“We’ve been able to make huge strides in the use of our data and data analytics to really tell our story internally, which in turn drives program acceptance.”
Meanwhile, the 45% of organizations that do make a distinction between data and information refer to data as being the sole purview of IT.
“Information management does not make a distinction. IT does, and believes they are best equipped to manage data. The distinction they’ve made is information means records, anything else is simply data.”
“Information is for compliance and data is for enablement.”
“IT prioritizes data in all areas mentioned and barely recognizes information to be the same.”
“Information is generally still seen in everyone’s mind as a paper file folder at a desk that just needs to be thrown in a bin when it piles up.”
Interestingly, although perhaps not surprisingly, our research suggests key differences between the information management teams at organizations that do make a distinction between content and data and those that don't.
The information management teams that manage content separate from data are focused more squarely on compliance, and the information management strategy is not aligned with the business strategy. Meanwhile, the information management teams that work alongside IT to manage content and data together prioritize their internal and external customers' experiences and have an information management strategy that is aligned with the business strategy.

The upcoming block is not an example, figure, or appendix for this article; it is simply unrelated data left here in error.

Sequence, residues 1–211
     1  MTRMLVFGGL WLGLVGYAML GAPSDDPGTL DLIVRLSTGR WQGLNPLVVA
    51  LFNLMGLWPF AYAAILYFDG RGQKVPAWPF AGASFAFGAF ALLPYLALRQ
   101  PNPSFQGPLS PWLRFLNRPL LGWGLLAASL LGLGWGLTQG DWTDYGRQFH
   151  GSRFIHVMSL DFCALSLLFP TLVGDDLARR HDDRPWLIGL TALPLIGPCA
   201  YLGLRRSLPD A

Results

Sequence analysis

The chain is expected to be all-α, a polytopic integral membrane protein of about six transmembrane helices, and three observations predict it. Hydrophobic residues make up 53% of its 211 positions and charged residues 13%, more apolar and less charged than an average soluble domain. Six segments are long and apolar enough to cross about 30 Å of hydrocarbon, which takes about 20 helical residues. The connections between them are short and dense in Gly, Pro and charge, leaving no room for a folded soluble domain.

This correlation will need to be explored further in future AIIM research, but one can start to form a hypothesis.
Gaining Support for IM Initiatives by Using a Common Language
In April 2022, I sat in on a number of roundtables at The AIIM Conference, where two common pain points emerged.
Getting users to comply with information management policies was hard.
Getting executives to support information management initiatives was even harder.
Earlier, we'd acknowledged that different functions have their own definitions of data and content. Business executives and line-of-business types, most notably, are using data and information interchangeably. Often, they're not using the word content at all.
If information management teams want to improve policy compliance and gain support from the c-suite, a good place to start might be to speak in terms they understand. The findings of AIIM's 2022 State of the Intelligent Information Management Industry report seem to suggest some benefit in adopting the language our key stakeholders are already using versus trying to make them fluent in ours.
Still, others disagree, and there's likely an equally compelling case for maintaining the distinction.
Clearly, this is an important dialogue to continue within the extended AIIM community to decide if our convenient distinction between what is meant by structured and unstructured information still holds up. Do we need to revisit our long-held definitions of these terms, or should we give in and use them as interchangeably as our executives and internal customers do?